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Box Set 

Price of Glory's dad trains and trashes his three sons.

In the opening scenes of Price of Glory, set in the late '70s, a young prizefighter named Arturo Ortega (Jimmy Smits) loses a career-making bout. He earns a few grand, but he's plainly washed up in the ring, and we're meant to see that it's his greedy manager's fault -- like Antonio Banderas in the recent Play It to the Bone, Arturo's been brought up too soon. He boxes for a few more years before giving up and settling into married life and an assembly-line job in an Arizona town.

The film then traces the resistible rise of Arturo himself as a boxing manager. Over the next couple decades, he pesters his three sons to anguish and distraction with the sweet science. The eldest, Sonny (Jon Seda), is a solid contender who has the temerity to want some sort of balanced life outside of boxing. Middle son Jimmy (Clifton Collins Jr.) is troubled by the Jan Brady syndrome: He suspects, accurately, that Arturo rates him less highly than his brothers in the ring. The youngest, Johnny (Ernesto Hernandez), is a Daddy's boy and, Arturo suspects, potentially the greatest fighter of the three.

Since he himself couldn't rise to champion, Arturo settles for being "a stone boxing patriarch." He pushes Jimmy toward a couple of quick-money bouts in order to "take care of him" -- that is, to get his career over with, so he can focus on the more promising Sonny and Johnny. Paranoid about promoters, Arturo rebuffs the advances of the shady-acting big shot (Ron Perlman) who's drooling over the boys' prospects.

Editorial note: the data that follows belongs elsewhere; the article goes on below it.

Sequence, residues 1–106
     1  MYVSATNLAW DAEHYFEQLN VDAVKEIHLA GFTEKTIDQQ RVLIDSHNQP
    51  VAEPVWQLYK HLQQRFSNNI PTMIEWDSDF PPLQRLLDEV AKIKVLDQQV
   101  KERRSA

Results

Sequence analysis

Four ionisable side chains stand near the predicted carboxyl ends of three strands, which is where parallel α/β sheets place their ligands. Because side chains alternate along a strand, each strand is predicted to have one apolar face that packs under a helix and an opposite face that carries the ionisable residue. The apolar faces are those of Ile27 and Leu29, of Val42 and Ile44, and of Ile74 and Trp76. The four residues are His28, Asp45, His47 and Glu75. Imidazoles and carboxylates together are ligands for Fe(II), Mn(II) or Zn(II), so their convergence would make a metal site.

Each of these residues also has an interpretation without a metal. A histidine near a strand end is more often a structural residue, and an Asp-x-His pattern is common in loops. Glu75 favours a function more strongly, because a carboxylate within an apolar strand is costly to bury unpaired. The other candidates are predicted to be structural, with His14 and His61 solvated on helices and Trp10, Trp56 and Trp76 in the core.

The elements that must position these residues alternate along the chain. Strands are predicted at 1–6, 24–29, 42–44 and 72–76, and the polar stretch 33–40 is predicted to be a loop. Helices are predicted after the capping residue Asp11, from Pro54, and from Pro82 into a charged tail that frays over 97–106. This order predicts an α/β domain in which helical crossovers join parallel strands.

He screams at and belittles his boys, slams them up against lockers, and brainwashes them, demonizing anything that differs from his opinion. Turmoil and tragedy ensue; the point, though, is that all of Arturo's sons end up damaged by their old man's obsession. Then, at the end, the audience is supposed to be moved by the conventional sports-movie finale. What's annoying is that it mostly works. Despite the plot hokum and the self-consciously ethnic dialogue, this leisurely paced, handsomely shot film is ultimately satisfying.

Much of the credit for this must go to NYPD Blue alumnus Smits. He's always been a strong actor -- fiery, yet intelligent and precise, and if Arturo isn't a great role, it is at least a big, meaty part that offers him plenty to do. Though well-acted and well-crafted, Price of Glory is predictable, conventional, and unadventurous. It can't really be defended, except that it's comfortably enjoyable.

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